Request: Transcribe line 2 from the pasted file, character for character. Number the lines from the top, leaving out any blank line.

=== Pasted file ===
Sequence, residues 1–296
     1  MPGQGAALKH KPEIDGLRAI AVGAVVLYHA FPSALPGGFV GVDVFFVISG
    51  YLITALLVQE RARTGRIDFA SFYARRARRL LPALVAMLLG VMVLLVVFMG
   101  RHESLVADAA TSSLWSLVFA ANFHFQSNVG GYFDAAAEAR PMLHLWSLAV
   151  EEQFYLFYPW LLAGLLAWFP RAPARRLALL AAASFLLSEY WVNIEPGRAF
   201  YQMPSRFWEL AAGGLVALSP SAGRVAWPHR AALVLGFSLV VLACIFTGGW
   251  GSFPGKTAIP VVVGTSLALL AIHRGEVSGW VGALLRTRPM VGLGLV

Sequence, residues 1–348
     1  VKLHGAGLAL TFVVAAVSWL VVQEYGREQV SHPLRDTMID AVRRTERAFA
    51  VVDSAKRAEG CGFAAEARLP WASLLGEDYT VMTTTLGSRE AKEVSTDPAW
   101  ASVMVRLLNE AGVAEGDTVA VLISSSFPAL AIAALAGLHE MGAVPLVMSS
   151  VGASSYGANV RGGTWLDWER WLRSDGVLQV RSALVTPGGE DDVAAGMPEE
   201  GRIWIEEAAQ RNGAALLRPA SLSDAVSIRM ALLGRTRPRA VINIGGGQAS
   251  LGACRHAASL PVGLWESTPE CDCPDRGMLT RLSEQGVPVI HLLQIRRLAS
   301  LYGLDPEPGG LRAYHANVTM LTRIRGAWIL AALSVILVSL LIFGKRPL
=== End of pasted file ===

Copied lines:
     1  MPGQGAALKH KPEIDGLRAI AVGAVVLYHA FPSALPGGFV GVDVFFVISG